Willy Vlautin is concerned with America’s working poor. Whether you encounter his writing via his alt-country band Richmond Fontaine, his award-winning fiction, or the film The Motel Life (based on one of his novels), Vlautin delves into the dark underbelly of American cities and sheds light on individuals caught up in the systemic web of poverty.
Vlautin’s latest novel The Night Always Comes is no different in theme, but its dynamic heroine and neo-noir edge render it a standout in the realm of literary crime fiction. Set over the course of two fast-paced days and two sleepless nights, the reader follows 30-year-old Lynette as she navigates her two jobs while attending community college, caring for her developmentally disabled brother, Kenny, and coming up with money to buy the ramshackle rental home she lives in with her brother and their jaded single mother.
When it comes time to put the down payment on their home in an increasingly gentrified Portland, Lynette and her mother clash over whether it’s worth it. Her mother becomes exasperated: “I’ve worked at that Fred Meyer Jewelers for so long and all I have to show for it is being able to get a twohundred-thousand-dollar loan on an overpriced, falling-down piece-of-shit house?” She impulsively purchases a new car instead, and Lynette’s hardscrabble efforts to cover the deficit and secure the house begin.
Vlautin’s stark, direct prose is the ideal form to mirror the urgency of the book’s grim content. Nail-biting suspense permeates the novel’s 48 hours as Lynette embarks on a mission to collect what she’s owed from a plethora of seedy characters, and ultimately from versions of herself. As she drives around town running these dark errands, she’s plagued with reminders of how Portland isn’t the same city she grew up in, that it’s no longer a place in which she belongs. At one point, she confesses this sense of displacement to a friend: “I’m realizing that the whole city is starting to haunt me. And all the new places, all the big new buildings, just remind me that I’m nothing, that I’m nobody.”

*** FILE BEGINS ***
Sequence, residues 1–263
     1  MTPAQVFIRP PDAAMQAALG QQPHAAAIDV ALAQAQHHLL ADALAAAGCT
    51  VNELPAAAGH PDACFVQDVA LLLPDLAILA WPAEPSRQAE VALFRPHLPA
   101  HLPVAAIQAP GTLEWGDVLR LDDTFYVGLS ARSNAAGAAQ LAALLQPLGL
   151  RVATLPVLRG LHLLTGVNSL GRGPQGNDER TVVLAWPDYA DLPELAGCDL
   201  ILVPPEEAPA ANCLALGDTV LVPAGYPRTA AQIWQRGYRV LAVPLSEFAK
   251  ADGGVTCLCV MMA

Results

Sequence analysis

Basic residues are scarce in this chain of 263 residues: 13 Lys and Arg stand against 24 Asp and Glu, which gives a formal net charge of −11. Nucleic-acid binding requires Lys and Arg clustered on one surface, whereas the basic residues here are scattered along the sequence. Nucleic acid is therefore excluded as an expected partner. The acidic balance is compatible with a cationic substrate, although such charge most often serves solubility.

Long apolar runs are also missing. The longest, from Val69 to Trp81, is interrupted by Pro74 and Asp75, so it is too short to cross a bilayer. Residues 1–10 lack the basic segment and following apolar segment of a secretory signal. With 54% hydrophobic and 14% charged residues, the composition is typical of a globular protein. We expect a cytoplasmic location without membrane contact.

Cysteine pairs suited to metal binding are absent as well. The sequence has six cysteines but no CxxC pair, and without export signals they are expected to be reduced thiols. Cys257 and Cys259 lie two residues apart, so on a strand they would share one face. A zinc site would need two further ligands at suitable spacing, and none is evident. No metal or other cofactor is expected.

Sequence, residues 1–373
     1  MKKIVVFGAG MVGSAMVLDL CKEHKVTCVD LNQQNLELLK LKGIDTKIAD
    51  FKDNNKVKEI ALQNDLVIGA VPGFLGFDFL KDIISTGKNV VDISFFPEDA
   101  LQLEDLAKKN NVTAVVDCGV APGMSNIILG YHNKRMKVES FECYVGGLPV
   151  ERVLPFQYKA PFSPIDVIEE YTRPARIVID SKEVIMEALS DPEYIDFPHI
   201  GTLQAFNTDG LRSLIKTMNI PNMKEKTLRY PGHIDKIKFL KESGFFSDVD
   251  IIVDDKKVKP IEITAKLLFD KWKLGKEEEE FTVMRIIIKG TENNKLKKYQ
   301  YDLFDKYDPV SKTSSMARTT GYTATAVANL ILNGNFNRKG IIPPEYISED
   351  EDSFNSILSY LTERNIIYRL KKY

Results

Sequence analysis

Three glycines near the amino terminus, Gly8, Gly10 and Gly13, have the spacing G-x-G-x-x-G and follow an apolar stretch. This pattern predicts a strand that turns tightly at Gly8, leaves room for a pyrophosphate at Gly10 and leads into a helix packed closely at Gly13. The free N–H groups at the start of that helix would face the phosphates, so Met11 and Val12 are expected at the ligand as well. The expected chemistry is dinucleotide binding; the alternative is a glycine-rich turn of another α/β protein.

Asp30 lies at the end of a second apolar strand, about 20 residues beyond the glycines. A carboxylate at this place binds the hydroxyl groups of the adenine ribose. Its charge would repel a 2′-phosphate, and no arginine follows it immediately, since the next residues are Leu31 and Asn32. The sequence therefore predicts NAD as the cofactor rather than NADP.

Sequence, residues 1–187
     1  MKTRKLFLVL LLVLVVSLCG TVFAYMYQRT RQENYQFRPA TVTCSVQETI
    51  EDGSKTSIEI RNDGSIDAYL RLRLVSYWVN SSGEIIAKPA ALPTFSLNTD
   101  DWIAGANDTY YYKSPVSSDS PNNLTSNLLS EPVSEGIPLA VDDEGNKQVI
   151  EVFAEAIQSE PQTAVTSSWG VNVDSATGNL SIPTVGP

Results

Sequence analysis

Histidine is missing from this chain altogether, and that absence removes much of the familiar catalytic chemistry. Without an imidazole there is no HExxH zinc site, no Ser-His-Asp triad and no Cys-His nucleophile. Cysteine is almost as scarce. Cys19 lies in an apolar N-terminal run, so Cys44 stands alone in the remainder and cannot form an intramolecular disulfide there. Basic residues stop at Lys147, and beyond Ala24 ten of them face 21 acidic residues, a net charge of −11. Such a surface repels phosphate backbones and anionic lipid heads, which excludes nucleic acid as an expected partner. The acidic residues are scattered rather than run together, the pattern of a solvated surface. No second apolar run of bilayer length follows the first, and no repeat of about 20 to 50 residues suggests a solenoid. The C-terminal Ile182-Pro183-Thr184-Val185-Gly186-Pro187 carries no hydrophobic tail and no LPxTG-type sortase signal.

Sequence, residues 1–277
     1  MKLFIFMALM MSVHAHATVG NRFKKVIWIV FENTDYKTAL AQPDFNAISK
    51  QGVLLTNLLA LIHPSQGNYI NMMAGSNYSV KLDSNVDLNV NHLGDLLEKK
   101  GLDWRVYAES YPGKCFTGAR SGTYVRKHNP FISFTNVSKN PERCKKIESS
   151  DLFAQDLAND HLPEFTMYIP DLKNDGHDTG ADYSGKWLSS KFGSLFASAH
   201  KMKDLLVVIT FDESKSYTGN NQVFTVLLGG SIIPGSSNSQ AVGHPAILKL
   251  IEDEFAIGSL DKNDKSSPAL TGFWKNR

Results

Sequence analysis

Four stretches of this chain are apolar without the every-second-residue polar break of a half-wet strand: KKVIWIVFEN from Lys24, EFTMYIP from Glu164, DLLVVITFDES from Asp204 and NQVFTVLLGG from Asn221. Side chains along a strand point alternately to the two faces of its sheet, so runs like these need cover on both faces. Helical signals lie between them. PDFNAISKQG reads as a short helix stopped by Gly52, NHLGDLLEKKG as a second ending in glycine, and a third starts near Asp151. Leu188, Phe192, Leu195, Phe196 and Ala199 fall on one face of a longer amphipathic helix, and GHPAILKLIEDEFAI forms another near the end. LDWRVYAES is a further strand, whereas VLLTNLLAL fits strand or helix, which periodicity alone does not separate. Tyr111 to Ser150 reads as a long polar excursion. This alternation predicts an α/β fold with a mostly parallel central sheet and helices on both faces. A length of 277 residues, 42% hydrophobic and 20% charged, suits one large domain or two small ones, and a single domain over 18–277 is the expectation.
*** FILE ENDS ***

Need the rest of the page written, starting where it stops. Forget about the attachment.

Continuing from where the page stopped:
Throughout the novel, the reader learns that Lynette’s crushing self-doubt is the result of exploitation, not only via systems of power but also in more personal ways. A series of abusive sexual relationships inflict trauma that reveals itself in bursts of unpredictable behavior, further isolating her from those she loves. Her mental health suffers as she scrambles to punch the clock and care for everyone and everything but herself. The despair is palpable for the reader as we witness Lynette buckle under the collective weight of so many factors — destitution, displacement, and abuse — and become tangled in a web of greed, sometimes taking more than she’s owed.
The tethers of Lynette’s quest are her relationships with her brother, whose outlook inspires her, and her mother, whom she genuinely cares for but is afraid to become. Her mother’s embittered attitude inflames the fragility of Lynette’s emotional state, and their conversations consistently turn hostile: “Tears welled in Lynette’s eyes and she didn’t say anything. She wanted to argue, she wanted to stand up to their mother, but it all just flooded over her like wet concrete. The guilt and shame of what she’d done and what had been done to her. It took the wind from her, and so she just sat there.”
Lynette’s reactions to freeze or to fight when things become overwhelming are not sustainable, and she must face a crossroads at the conclusion of the novel: facing herself and her needs or spiraling out in the same old cycle of resentments.
No matter how hard Lynette works or how many bootstraps she pulls up, the cyclical nature of poverty is fierce. The Night Always Comes conveys the looming inevitability of gentrification in American communities with a deeply human story about an individual’s relationship to her rapidly changing world. The word “gentrification” is never uttered, however, proving that Vlautin is invested in creating an immediate, immersive world and a narrative that is as approachable as it is devastating. Despite their heaviness, these 200 pages turn quickly, rendering this work a gritty yet graceful must-read.
Lauren Turner is a multidisciplinary artist in Nashville. Her writing has appeared in The East Nashvillian, Women’s Review of Books, and Image Journal’s “Good Letters” blog. She also serves as a blog editor for Nashville’s community radio station, WXNA FM, where she hosts her program The Crack in Everything.